8 Ways CPR Guidelines Changed in 2015

8 Ways CPR Guidelines Changed in 2015:

8 Ways CPR Guidelines Changed in 2015: And How to Prepare

Maybe you are traveling down the road and see a car accident with casualties. Are you ready to respond? Or maybe you are at dinner and someone at the next table begins choking — do you know what to do? As someone certified in CPR, of course, you are ready and able to give the best CPR that follows the newest certification guidelines from AHA. Right? Wait a minute. Did someone say “new guidelines?” The CPR and AED guidelines have been updated by the American Heart Association and they reflect the evidence-based best practices you can perform to save lives. (To see a summary of the changes:  The 2015 AHA Guidelines Update for CPR and ECC ). The changes were instituted based on recommendations by 250 evidence reviewers from 39 countries and are important to know as well as urgent to implement. All CPR and AED trainings and certifications will be built around these guidelines now and the good news? Beating Heart Center has already begun implementing these changes into their state-of-the-art gamification learning system named LOOP. (See the video of fun, interactive LOOP CPR & ECC training at work). We have also blended CPR online training into the traditional CPR class format. 

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We reviewed the changes and give you a bird’s eye view of how some of the most significant changes might be reflected on the scene.

  • When a Lay Rescuer is on the Scene

  • When a Health Care Provider is on the Scene

  • 1. Mobile Connections to Dispatcher Assist: Lay rescuers are encouraged to access an emergency response (i.e., through a mobile telephone or social media channel) without leaving the victim’s side. You may witness the rescuer being guided by a dispatcher on a mobile phone.
  • 5. Team Response to Increase Speed: You will see multiple providers providing a response, all at once. One provider might be calling for help while another one has already begun using chest compressions and a third is retrieving the AED. New guidelines focus on a coordinated approach to speed response time.
  • 2. Faster Chest Compressions: The lay rescuer may be giving chest compressions faster now. 100 to 120/minute – up from at least 100/min.
  • 6. Faster Chest Compressions: The health care provider will be giving chest compressions faster now, as well, 100-to 120 per minute.
  • 3. Just Deep Enough: And Allow for Chest Recoil – The lay rescuer will be attempting to compress the chest at least 2 inches, but less than 2.4 inches. And they will be backing off the compression quickly, allowing the chest wall time to respond fully.
  • 7. Just Deep Enough: And Allow for Chest Recoil – Lay rescuers and health care providers will be following the same depth guidelines, at least 2 inches, but less than 2.4 inches. You won’t see health care providers leaning on the chest between compressions. It impedes the chest walls ability to recover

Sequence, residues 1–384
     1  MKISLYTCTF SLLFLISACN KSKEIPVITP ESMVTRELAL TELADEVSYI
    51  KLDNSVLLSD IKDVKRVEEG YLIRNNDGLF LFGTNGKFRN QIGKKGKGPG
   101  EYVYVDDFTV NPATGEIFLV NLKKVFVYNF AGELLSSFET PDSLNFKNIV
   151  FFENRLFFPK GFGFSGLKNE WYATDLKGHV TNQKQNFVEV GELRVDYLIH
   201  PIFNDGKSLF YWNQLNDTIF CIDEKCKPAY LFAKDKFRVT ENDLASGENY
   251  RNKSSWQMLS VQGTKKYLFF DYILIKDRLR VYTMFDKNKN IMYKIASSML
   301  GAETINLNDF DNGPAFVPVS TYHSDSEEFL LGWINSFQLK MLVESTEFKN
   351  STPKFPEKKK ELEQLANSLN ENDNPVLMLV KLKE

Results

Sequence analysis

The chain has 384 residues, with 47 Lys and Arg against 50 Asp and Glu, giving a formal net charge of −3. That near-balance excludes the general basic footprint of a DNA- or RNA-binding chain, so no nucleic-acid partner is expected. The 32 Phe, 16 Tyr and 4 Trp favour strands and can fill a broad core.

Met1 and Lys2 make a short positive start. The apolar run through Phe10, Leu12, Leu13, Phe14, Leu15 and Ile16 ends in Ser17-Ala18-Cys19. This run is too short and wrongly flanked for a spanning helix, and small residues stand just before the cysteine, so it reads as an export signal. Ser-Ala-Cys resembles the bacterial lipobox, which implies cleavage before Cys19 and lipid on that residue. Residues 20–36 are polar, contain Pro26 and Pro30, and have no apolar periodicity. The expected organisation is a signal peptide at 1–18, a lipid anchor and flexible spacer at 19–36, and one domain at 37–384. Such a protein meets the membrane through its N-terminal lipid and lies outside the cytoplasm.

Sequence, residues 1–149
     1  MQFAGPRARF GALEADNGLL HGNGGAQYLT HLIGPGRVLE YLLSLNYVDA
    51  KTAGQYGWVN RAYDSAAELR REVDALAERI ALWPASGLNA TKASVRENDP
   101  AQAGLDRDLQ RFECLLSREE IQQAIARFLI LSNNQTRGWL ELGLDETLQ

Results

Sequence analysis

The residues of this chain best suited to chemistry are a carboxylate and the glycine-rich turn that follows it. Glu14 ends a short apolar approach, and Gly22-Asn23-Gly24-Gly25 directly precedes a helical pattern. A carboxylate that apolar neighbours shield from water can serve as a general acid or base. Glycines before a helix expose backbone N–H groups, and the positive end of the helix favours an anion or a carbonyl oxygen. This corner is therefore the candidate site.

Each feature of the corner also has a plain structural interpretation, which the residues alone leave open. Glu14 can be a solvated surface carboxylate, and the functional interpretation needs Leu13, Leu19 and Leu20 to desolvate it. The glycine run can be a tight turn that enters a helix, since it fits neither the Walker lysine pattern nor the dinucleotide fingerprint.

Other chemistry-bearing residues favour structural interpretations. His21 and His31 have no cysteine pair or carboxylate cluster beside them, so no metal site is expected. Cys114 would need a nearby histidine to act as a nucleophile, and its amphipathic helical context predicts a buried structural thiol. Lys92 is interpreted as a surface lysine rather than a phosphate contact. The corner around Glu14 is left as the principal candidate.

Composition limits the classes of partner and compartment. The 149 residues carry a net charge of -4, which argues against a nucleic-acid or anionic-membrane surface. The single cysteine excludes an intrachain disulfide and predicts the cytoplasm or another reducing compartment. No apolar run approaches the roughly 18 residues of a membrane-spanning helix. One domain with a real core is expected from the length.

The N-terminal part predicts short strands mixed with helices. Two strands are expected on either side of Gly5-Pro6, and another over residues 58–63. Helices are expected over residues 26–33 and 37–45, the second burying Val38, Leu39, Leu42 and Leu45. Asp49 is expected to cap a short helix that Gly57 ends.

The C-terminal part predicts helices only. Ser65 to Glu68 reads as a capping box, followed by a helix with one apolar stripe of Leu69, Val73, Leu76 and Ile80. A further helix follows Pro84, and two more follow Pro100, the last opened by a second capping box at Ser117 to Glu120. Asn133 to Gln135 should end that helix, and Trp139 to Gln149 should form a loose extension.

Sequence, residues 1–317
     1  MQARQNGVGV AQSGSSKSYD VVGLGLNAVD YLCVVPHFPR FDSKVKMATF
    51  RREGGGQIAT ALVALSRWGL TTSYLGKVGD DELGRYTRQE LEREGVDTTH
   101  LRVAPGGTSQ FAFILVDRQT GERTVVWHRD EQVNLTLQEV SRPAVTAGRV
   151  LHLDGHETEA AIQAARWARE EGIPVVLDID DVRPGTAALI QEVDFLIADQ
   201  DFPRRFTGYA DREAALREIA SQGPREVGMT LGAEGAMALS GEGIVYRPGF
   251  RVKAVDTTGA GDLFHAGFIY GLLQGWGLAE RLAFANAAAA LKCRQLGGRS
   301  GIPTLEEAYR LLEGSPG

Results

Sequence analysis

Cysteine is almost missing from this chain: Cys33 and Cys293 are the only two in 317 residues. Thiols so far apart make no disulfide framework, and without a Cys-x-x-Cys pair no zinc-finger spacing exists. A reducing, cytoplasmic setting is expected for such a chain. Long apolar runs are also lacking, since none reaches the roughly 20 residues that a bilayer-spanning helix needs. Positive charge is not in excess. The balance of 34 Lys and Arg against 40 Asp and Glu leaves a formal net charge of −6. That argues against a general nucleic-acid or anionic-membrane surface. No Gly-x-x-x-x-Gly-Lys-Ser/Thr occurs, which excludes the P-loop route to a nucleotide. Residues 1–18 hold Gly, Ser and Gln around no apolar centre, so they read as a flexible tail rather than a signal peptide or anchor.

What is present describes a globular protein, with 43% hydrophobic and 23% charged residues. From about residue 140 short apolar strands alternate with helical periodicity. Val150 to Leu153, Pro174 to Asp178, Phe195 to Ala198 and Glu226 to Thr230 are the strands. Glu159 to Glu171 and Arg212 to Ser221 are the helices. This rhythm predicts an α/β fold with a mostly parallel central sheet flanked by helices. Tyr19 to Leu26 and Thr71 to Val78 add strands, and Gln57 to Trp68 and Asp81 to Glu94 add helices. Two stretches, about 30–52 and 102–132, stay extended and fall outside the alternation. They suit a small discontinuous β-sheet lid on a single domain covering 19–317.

• 4. AED Assist: You might also hear a dispatcher directing the layperson to the closest AED location, starting defibrillation even before EMS can reach the scene is recommended for best outcomes. Public Access Defibrillation station locations may be more widespread and EMS dispatchers will have a map of their locations – guiding laypersons to the AEDs if necessary.
  • 8. AED First: Health care providers, being highly trained, will opt for delivering AED shocks first, before compressions, if possible. The evidence is clear that AED is one of the most helpful assists in saving lives.

More detailed scenarios about the changes made, such as those specific to pregnant women and children, are outlined in the full 2015 American Heart Association (AHA) Guidelines Update for Cardiopulmonary Resuscitation (CPR) and Emergency Cardiovascular Care (ECC). The two-hundred and seventy-page document with three hundred and fifteen guidelines is organized into a handy web-based CPR tool for easier access to individual topics. Channing Bete is rolling out the BLS, ACLS and PALS manual versions throughout the spring and summer of 2016. You can get the latest manual versions here and even sign up for email updates to get new product announcements as they become available.

We Make It Easy for You to Prepare

All these changes are tough to keep up with! The Beating Heart Center staff is the expert at preparing you for everything you need to retain certification. And using the gamification technology in the LOOP software system, we are able to incorporate that learning into easy to understand and remember responses.

We have CPR first time and CPR refresher classes available.

Healthcare is an ever-changing industry and providers have to be able to implement and respond to the change. The Beating Heart Center is making sure you are covered.

Beating Heart Training Materials and Methods are: